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Save a Life by Listening
Prairie Doc Perspectives
Richard P. Holm MD
Richard P. Holm MD

Our nation has a large and growing public health problem called suicide. It is the tenth leading cause of death in the United States and it is preventable. The Centers for Disease Control indicates suicide was responsible for more than 47,000 deaths in 2017, resulting in about one death every 11 minutes and it affects all ages. Suicide is the second leading cause of death for people 10 to 34 years of age, the fourth leading cause among people 35 to 54 years of age, and the eighth leading cause among people 55 to 64 years of age.

While the causes of suicide vary, depression is often an underlying factor. Most of us periodically have what is called “situational depression,” such as the understandable sadness that follows severe loss or death, but what is more typical of harmful depression is when there is no particular situation, no identifiable “reason” for it. 

The diagnosis of depressive disorder is not easy. We suspect depression when people experience chronic pain, find it hard to concentrate, are without energy, have flares of temper, sleep too much or too little, have a loss of appetite or have over-eating binges, have unexplained crying spells, or become filled with anxiety for minimal reasons. Often people make things worse by covering-up depression with alcohol, sleeping pills, anti-anxiety medications, or substance abuse, and these all make the diagnosis even more difficult.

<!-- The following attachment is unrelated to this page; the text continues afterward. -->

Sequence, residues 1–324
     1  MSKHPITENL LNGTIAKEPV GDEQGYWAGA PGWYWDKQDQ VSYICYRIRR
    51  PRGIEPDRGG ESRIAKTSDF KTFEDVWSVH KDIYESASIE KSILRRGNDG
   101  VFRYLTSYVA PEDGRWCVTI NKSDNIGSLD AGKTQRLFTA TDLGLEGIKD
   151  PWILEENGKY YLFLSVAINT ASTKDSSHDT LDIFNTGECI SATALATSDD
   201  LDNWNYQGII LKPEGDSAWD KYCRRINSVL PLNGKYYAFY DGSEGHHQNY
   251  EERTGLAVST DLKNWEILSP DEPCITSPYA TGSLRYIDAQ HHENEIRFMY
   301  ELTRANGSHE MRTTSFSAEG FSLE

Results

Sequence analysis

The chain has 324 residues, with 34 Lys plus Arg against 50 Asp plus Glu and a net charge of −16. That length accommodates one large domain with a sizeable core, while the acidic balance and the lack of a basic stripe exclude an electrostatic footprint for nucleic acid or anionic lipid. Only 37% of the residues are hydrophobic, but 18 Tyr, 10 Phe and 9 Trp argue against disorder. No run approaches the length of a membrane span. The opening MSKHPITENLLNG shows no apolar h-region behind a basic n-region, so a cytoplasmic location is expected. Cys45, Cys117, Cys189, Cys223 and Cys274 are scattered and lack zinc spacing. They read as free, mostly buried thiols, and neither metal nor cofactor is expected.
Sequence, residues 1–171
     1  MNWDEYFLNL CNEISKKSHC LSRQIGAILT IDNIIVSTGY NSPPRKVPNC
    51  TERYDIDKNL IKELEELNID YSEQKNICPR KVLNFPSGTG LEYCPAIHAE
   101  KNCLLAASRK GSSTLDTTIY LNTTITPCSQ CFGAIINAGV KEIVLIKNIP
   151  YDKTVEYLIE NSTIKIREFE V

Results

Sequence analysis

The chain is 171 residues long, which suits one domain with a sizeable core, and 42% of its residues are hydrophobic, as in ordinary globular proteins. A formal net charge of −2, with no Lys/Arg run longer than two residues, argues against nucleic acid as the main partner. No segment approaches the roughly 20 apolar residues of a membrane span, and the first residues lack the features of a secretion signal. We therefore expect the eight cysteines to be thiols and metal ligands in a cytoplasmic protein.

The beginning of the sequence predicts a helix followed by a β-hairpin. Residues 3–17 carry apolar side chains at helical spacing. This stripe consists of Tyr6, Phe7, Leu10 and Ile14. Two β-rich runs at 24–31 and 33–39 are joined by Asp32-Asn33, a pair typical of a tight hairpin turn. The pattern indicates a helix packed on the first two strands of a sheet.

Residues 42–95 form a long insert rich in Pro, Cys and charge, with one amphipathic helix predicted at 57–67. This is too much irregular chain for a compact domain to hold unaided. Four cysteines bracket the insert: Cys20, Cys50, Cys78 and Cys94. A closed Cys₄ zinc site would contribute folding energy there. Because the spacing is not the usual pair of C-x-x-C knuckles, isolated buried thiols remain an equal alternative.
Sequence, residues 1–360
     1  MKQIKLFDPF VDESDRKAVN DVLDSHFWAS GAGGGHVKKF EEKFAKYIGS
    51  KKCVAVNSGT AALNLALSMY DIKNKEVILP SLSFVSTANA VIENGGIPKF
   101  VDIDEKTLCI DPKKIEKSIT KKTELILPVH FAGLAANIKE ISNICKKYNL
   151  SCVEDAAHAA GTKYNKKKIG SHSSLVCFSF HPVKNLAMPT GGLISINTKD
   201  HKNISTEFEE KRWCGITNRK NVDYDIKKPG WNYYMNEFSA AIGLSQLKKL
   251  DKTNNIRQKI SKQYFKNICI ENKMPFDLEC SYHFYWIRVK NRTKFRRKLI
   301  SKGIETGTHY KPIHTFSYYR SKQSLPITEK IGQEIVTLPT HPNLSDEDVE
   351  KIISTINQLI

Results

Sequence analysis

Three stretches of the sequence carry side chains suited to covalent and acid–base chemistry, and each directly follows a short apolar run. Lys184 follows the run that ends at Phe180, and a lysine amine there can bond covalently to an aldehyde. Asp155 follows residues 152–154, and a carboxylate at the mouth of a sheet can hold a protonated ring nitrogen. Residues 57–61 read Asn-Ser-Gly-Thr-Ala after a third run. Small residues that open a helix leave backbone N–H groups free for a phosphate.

The challenging concern is that with or without a diagnosis of depression, suicide remains extremely hard to predict. We know that “talking about it” is probably our most important means to help someone who is planning suicide. Although two-thirds of the people with depression do not seek or receive help; of the one-third that do get help and follow-through with treatment, 80 percent are better in four to six weeks.

Whenever possible, it’s best to guide people for whom we have concern to talk about their feelings with a professional. However, the most important preventer of suicide is, in many cases, the loved one, friend or kindly neighbor who can give that person an ear, offer true compassion and call for help when red flags are flying. You may never know it, but you might save a life by listening and being a friend.

If you or someone you know is struggling emotionally, help is available 24/7. Call the National Suicide Prevention Hotline 1-800-273-TALK (8255).

Richard P. Holm, MD is founder of The Prairie Doc. For free and easy access to the entire Prairie Doc, visit or email